HOME SCHOOL BOOK REVIEW
Book: I Have Heard of a Land
Author: Joyce Carol Thomas
Illustrator: Floyd Cooper
Publisher: HarperCollins, 2000
ISBN-13: 978-0780799639 (Hardcover)
ISBN-10: 0780799631 (Hardcover)
ISBN-13: 978-0064436175 (Paperback)
ISBN-10: 0064436179 (Paperback)
Language level: 1
(1=nothing objectionable; 2=common euphemisms and/or childish slang terms; 3=some cursing or profanity; 4=a lot of cursing or profanity; 5=obscenity and/or vulgarity)
Reading level: Ages 6-7 and up
Rating: ***** 5 stars (EXCELLENT)
Reviewed by Wayne S. Walker
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Thomas, Joyce Carol. I Have Heard of a Land (published in 2000 by HarperCollins). “I have heard of a land Where the imagination has no fences Where what is dreamed one night Is accomplished the next day.” In the late 1880s, signs went up all around America that land was free in the Oklahoma territory to everyone: whites, blacks, men, and women alike. All one needed to stake a claim was hope, courage, strength, and perseverance. Thousands of pioneers, many of them African-Americans newly freed from slavery, headed west to carve out a new life in the Oklahoma soil. Drawing upon her own family’s history, National Book Award winner Joyce Carol Thomas has crafted an unforgettable anthem to these brave and determined people from America’s past by exploring the little-known experiences of African American pioneers who settled in Oklahoma during the late 1800s. Richly illustrated by Coretta Scott King Award honoree Floyd Cooper, I Have Heard of a Land is a glorious tribute to the African-American pioneer spirit.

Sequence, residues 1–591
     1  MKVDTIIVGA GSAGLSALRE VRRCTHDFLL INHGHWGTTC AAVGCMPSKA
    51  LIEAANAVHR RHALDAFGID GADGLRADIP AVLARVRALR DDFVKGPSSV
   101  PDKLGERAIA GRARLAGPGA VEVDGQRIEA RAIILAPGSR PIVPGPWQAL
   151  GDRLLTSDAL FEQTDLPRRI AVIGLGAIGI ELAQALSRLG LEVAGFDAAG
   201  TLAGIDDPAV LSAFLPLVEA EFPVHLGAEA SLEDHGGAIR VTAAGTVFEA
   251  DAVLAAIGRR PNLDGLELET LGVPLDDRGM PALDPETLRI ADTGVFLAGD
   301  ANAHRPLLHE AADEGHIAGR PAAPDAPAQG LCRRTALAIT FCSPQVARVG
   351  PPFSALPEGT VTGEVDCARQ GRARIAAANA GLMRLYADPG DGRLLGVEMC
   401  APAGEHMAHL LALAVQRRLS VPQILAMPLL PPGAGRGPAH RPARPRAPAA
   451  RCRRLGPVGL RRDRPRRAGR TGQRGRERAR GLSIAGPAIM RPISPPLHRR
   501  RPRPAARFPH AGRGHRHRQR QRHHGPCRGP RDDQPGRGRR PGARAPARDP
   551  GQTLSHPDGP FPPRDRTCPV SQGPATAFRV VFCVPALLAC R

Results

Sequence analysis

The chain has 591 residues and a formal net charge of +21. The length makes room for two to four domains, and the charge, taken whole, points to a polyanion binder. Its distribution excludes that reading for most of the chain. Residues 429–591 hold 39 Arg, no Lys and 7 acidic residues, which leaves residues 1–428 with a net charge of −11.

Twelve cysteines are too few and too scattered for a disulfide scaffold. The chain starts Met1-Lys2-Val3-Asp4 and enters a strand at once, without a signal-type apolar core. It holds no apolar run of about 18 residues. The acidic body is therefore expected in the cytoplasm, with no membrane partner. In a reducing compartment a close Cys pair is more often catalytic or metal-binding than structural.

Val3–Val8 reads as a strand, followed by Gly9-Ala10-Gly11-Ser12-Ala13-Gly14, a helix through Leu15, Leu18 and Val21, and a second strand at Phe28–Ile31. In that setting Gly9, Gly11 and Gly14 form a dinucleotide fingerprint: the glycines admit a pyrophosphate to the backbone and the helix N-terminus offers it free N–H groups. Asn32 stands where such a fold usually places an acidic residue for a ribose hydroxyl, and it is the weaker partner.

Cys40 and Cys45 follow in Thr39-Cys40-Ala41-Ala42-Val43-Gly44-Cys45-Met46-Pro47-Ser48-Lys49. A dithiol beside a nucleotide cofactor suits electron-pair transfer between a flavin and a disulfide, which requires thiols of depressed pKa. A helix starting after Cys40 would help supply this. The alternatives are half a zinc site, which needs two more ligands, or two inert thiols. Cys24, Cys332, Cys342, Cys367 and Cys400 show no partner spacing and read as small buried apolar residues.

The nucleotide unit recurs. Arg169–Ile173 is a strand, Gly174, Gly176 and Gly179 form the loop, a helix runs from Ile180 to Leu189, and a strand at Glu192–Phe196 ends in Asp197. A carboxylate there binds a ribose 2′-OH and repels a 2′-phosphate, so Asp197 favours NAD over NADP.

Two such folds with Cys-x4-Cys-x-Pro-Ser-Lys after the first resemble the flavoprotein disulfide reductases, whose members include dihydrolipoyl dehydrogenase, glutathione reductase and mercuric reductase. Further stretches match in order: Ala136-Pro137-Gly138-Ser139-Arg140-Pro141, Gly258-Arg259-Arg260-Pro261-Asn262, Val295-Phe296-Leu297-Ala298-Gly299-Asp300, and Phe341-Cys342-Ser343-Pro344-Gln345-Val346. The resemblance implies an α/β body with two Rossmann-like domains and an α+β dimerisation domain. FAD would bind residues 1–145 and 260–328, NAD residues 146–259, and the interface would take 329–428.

Specifically, the book is a moving, poetic account of a brave black woman who stakes a claim “where the cottonwood trees are innocent Where the coyote’s call is a lullaby at night And the land runs on forever.” It offers a new perspective on an important era of our nation’s history by describing the natural beauty of a bold new frontier as well as the hopeful, strong, and passionate people who created new lives there and realized their dreams. Cooper’s signature grainy, dreamy oil-wash portraits of landscapes, dotted with trees, crops and cabins, glow in soft pink, yellow and brown hues. Publishers Weekly said, “Scenes of a girl soaring on a homemade swing, neighbors worshipping in the open air and building a log house are particularly uplifting” and calls it “a pleasant slice of historical fiction.” Children will definitely benefit by reading this colorful lesson in American history. While the characters in this book are African-American, the story is universal, and the values expressed are timeless and universal.